7 Simple Suggestions for Better Sleep
Carrie Demers, MD
December 18, 2017
Sleep is an essential restorative activity for the health of both our body and our brain. Without sufficient sleep, we are more likely to develop serious problems like high blood pressure, obesity, depression, or diabetes. Lack of sleep affects some 70 million Americans, with people over 50 years old showing a greater likelihood of encountering these serious health problems.
While over-the-counter sleep aids may offer temporary relief for sleeping issues, they come at a price. More often than not, these medications contain antihistamines—compounds our body can quickly develop a tolerance to, thus reducing their efficacy over time. In addition, the so-called hangover effect of certain sleep aids is a well-known phenomenon, causing grogginess or lethargy the following day.
Ultimately, it is a lifestyle change that offers the real foundation for creating lasting transformation in our sleeping habits. Establishing simple, tried-and-tested methods known as sleep hygiene can work wonders to increase the quality of our nighttime hours. Here are seven effective techniques to help establish a healthy sleep routine, so that you can get a well-deserved night’s rest.
Try to go to bed on time and get up on time. We can train our brain to sleep, and it’s much easier to do if we have a schedule. A recent study has found that routine during the day has an impact on our ability to rest at night, so regulating our work schedule and mealtimes can go a long way to improving the quality of our sleep overall.
2. Find Time to Wind Down
Spend the last 30 to 40 minutes before sleep winding down from your day. Try a soak in a warm bath, do some gentle stretching, meditate, drink some warm milk or chamomile tea, or read something that inspires you. These relaxing activities help your nervous system shift into parasympathetic “rest and digest” mode, which is sleep-inducing. If you create a nightly ritual that is consistent, it will have overall effects.
3. Eliminate (or Limit) Caffeine and Alcohol
Did you know that caffeine has a half-life of about six hours? For example, for that last cup of coffee or chai at 3:00 p.m., half of the caffeine is still around at 9:00 p.m. and a quarter will still be around at 3:00 a.m.! Experiment with reducing your caffeine intake and the time of day you drink caffeine. The later you reach for that mug, the more likely you are to experience its effects when it’s time for bed.
Aside from our usual caffeinated beverages, some medications also have the potential to be stimulating. Tell your doctor if you suspect that a medication you’re taking is disturbing your sleep. Your doctor can help you manage the issue by prescribing a lower dose or an alternative medication.
Believe it or not, alcohol can affect your sleep negatively. It typically makes you feel tired and relaxed at first, but it actually disrupts the sleep cycle and can cause late-night waking. You may want to be mindful about that glass of wine or pint of beer if you want to enhance your sleep quality.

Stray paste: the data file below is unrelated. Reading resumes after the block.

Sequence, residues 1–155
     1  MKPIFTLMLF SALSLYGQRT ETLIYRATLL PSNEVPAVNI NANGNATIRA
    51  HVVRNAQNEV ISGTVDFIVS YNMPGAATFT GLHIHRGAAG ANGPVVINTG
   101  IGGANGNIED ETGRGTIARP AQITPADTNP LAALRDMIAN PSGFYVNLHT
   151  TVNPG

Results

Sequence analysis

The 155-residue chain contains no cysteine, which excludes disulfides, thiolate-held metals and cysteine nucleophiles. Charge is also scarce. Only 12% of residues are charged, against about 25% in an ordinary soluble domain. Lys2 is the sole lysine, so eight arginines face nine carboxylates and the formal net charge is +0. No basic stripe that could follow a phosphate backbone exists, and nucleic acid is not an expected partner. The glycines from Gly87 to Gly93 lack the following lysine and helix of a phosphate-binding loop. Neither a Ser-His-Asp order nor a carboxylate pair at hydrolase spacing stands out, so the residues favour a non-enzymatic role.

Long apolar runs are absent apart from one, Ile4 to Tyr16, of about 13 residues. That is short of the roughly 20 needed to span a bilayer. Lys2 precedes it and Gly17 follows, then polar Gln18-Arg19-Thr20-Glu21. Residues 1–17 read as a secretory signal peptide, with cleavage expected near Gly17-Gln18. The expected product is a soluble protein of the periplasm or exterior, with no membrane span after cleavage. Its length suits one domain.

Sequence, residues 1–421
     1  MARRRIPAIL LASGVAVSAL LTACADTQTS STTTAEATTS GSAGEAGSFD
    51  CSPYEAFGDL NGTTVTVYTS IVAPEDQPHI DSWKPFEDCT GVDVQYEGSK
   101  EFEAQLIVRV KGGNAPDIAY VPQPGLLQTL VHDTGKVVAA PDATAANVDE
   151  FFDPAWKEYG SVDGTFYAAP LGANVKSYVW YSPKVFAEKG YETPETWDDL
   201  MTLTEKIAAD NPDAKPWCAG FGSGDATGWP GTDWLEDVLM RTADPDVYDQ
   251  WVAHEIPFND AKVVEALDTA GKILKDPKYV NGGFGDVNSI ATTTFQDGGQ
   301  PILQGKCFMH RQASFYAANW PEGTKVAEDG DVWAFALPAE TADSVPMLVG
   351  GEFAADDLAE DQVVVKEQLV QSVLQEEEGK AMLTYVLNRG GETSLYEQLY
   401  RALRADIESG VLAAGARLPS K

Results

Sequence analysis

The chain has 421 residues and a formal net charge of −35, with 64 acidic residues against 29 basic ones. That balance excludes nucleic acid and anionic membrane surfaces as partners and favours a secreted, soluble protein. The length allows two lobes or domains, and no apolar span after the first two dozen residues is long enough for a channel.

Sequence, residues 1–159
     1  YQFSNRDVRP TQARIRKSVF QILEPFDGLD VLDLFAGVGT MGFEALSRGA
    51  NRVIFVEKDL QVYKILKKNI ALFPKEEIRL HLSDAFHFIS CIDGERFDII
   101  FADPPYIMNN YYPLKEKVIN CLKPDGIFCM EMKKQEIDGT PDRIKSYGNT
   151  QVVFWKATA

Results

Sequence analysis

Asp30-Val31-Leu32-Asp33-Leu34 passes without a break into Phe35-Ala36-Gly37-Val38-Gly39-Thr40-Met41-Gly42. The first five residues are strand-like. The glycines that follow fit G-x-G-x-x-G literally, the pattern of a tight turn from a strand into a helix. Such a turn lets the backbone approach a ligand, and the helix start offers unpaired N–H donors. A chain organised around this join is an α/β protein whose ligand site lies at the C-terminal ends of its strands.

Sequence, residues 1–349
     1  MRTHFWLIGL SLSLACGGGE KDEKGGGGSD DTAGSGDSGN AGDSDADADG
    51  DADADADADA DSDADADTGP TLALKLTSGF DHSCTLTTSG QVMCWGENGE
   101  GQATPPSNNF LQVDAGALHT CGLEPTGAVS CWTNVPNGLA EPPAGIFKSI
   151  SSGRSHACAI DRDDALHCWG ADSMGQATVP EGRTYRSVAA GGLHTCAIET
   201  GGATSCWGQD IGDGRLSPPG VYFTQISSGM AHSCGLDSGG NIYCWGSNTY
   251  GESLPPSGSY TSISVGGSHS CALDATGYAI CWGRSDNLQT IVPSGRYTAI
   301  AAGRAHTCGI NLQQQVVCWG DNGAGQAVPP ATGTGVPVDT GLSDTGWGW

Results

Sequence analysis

4. Turn Down the Lights
As twilight begins, the muted light triggers our brain to release melatonin—our intrinsic sleep molecule. Dim your lights when the sun sets; this will let your brain know it’s time to get sleepy. Also, avoid blue light around bedtime. Blue light is the kind of light that is found in computers, tablets, and smart phones. Studies show it has the same effect as regular full-spectrum light.
5. Exercise Is Important
After the initial exertion, exercise ultimately has a calming effect on the nervous system. Exercise reduces anxiety and makes us physically tired—and if we are really tired, we tend to sleep more soundly. Studies have consistently shown that getting daily exercise helps improve the quality of our sleep. Even a 15-to-20-minute walk each day can help.
6. Make Peace with Your Day
Sometimes our mind is the obstacle between us and sweet sleep. Try an activity that helps restore clarity and ease, such as journaling, reading, meditating, or praying. Cognitive Behavioral Therapy (CBT) can be a good choice for those of us dealing with chronic insomnia, because CBT can help us identify negative thought patterns that create anxiety and perpetuate poor sleep. Weekly CBT sessions can enable you to create new, helpful thought habits and break the cycle of poor sleep quality.
7. Keep Your Bedroom Comfy
Sleep experts say we sleep best in a dark, quiet, cool, and comfortable bedroom. Make that the goal and remember your bed is only for sleep and intimacy—not for electronics or work. The goal is to only associate your bed with sleeping and relaxing.
Sleep specialists recommend these seven sleep-hygiene steps before any use of medications when treating sleep problems. If you are already using a sleep aid, remember to take one step at a time when making a transition. It may be a good idea to reduce your medication incrementally over time rather than quit cold turkey. Another useful technique is to change sleep tactics on a weekend so that napping is an option. If you are using prescribed medication, be sure to consult your healthcare specialist before changing your current treatment.
Consistency is the key to creating any new habit. Allow these methods to work over time. Know someone who is suffering from poor sleep? Share this article with them—and may you both have sweet dreams!
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